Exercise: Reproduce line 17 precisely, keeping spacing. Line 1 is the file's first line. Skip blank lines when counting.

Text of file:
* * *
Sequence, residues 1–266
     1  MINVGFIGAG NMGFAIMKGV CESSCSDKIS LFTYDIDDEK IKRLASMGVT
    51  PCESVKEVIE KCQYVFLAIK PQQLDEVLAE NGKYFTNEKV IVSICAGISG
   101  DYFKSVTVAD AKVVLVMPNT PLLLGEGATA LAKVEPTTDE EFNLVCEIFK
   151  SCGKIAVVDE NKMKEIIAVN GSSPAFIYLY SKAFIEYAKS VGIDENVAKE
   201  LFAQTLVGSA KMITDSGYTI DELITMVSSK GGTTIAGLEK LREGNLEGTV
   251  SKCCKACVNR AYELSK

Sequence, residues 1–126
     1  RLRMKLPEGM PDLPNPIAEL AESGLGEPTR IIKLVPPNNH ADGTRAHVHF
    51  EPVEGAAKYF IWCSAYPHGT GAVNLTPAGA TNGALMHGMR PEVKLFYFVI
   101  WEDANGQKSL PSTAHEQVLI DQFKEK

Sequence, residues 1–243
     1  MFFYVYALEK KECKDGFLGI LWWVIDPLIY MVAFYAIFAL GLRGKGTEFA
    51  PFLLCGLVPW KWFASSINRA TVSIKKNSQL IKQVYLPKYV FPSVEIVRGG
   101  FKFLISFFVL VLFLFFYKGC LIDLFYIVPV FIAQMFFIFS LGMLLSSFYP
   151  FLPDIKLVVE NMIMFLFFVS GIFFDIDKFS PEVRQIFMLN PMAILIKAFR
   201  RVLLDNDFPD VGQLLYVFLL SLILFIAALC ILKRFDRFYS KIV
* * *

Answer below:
   201  RVLLDNDFPD VGQLLYVFLL SLILFIAALC ILKRFDRFYS KIV